Good morning from the White House press room...
After yesterday's historic signing of the health care bill - a "big (expletive)-ing deal" as Vice-President Biden was overheard saying - it'll be a much quieter day at the White House. The President has no publicly-scheduled events on his agenda. He'll sign an executive order this afternoon limiting the use of federal funds for abortion. This was, of course, the deal he made with Michigan Congressman Bart Stupak to secure the winning votes for the health care bill.
Meantime, the first polls are in on passage of the health care bill. USA Today says 49% of Americans say passage of the landmark bill is a "good thing," while 40% say it's a "bad thing." Republicans, who failed to stop the bill in Congress, are now rolling out Plan B: an effort to "recall and repeal" the bill through legal challenges at the state level.
Obama also meets with Senators John Kerry (D-Ma.) and Richard Lugar (R-In.) this morning on START talks (reduction of strategic nuclear arms) with Russia; a recent START pact with the Kremlin expired in December and both Washington and Moscow have indicated that agreement on a new pact is near. Kerry and Lugar would help win Senate approval of the treaty.
The president also will sit down with Senator Christopher Dodd (D-Ct.), Chairman of the Senate Banking Committee, and Congressman Barney Frank (D-Ma.), Chairman of the House Financial Services Committee, in the Oval Office to discuss financial reform.
On the foreign policy front, yesterday's health care hoopla overshadowed a low-key West Wing visit by Israeli Prime Minister Netanyahu. A 3 1/2 hour meeting came and went with no comment from either side. No media coverage, not even the usual pool photo of the leaders chatting in the Oval Office. This is no accident: Netanyahu's last visit here, in July, was also kept as low key as possible.
Netanyahu - descrbed last night as looking somber - has been blasted by U.S. officials over plans to construct housing in East Jerusalem. White House efforts to stop it show the limits of American power over its closest Mideast ally, casting an ever-darkening shadow over efforts to forge a peace agreement between Israel and the Palestinians. The United States sees such a deal as crucial to a broader regional effort to sway Arab/Muslim opinion, tamp down terrorism and bolster America's national security. But Netanyahu bluntly rejected U.S. demands to end the housing project.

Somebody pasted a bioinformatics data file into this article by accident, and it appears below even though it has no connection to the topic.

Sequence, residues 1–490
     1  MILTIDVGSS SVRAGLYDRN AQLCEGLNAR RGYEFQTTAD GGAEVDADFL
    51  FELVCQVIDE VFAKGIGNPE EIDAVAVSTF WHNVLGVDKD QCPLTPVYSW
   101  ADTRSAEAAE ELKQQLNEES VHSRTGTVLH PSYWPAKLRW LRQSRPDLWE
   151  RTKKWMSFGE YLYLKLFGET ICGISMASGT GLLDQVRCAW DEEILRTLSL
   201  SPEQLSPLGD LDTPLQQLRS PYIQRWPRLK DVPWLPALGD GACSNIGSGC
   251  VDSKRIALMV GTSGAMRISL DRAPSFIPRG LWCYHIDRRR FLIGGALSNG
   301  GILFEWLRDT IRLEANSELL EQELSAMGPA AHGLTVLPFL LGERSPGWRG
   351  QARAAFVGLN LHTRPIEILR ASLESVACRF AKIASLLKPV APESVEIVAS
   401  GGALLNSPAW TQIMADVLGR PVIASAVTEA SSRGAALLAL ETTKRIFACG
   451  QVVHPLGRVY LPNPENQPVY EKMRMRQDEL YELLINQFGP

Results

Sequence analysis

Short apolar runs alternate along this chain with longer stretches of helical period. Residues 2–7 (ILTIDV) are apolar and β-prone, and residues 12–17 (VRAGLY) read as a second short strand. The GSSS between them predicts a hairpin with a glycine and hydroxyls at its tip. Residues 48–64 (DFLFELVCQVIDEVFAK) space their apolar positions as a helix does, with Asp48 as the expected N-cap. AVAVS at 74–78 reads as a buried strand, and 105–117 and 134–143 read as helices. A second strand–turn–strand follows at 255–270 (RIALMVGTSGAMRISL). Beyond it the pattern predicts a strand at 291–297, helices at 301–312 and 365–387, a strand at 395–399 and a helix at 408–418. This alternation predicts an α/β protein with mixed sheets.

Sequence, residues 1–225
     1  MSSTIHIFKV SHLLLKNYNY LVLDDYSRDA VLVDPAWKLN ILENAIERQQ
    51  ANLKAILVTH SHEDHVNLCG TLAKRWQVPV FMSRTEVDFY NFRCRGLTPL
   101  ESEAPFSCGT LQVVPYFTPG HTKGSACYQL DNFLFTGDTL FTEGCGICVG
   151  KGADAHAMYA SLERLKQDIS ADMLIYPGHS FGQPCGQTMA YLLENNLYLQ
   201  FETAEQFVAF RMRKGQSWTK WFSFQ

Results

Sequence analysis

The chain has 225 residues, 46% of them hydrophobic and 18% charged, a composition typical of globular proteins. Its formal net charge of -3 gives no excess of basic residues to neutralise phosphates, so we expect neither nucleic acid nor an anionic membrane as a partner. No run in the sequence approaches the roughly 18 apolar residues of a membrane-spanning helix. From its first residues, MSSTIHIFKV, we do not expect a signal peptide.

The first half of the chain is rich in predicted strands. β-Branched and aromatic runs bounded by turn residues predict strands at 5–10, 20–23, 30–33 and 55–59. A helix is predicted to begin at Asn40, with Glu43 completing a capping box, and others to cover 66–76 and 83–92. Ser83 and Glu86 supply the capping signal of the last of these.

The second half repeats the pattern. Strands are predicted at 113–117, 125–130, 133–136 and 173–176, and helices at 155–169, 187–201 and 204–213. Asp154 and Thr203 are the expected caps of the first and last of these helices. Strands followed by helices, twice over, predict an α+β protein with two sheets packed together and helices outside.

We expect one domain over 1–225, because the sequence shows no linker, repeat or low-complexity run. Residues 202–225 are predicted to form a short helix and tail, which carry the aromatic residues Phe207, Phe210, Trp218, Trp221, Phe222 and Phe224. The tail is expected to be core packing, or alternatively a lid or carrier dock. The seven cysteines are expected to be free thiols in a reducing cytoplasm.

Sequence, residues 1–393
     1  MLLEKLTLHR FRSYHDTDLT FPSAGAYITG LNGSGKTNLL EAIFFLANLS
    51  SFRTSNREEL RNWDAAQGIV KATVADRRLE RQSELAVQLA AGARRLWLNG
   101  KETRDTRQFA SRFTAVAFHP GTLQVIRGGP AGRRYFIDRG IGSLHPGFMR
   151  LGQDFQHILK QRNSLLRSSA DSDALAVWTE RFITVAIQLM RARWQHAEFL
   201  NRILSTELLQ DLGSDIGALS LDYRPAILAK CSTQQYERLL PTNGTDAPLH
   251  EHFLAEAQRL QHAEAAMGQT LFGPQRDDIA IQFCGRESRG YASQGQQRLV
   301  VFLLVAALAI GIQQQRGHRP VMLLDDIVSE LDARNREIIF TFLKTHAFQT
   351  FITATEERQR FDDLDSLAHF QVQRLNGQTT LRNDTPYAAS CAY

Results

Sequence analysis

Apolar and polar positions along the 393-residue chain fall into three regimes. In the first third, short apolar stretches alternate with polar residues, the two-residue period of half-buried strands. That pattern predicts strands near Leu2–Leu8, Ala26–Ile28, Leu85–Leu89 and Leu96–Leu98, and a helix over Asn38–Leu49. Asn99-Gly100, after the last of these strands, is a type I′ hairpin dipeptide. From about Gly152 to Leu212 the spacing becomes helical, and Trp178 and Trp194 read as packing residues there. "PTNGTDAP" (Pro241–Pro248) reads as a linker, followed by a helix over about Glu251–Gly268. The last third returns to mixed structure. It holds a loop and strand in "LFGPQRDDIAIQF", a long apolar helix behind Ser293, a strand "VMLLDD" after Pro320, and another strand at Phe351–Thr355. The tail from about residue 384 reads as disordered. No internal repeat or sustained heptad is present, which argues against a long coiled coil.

Unspoken, at least publicly, during the Netanyahu visit is what to do about Iran. Israel sees Iran as a mortal threat - Iranian leaders have taunted that Israel should be wiped from the map - and has made no secret about contingency plans for a possible strike against Iranian nuclear facilities. The U.S. dilemma is a difficult one. Washington also says Iran will not be allowed to develop nuclear weapons. But it desperately wants to avoid military action against Tehran. At the same time, its preferred tactic - ratcheting up economic sanctions against Iran - seems to be going nowhere. The Chinese aren't on board and say they won't be, and recent comments from the Kremlin indicate that the Russians are skeptical of American efforts as well. Diplomatic spats between Washington and Moscow over anti-missile sites in Europe, and between Washington and Beijing over the Dalai Lama, arms sales to Taiwan, and trade and currency matters aren't exactly inducements for China and Russia - which hold veto power in the U.N. Security Council - to help the Americans.
9:00AM THE PRESIDENT meets with Senator Kerry and Senator Lugar
9:35AM THE PRESIDENT and THE VICE PRESIDENT receive the Presidential Daily Briefing
10:15AM THE PRESIDENT meets with Senator Dodd and Representative Frank to discuss financial reform
2:30PM THE PRESIDENT signs an executive order reaffirming the Patient Protection and Affordable Care Act’s consistency with longstanding restrictions on the use of federal funds for abortion
12:30PM Briefing by Press Secretary Robert Gibbs
"I find that the harder I work, the more luck I seem to have."
- Thomas Jefferson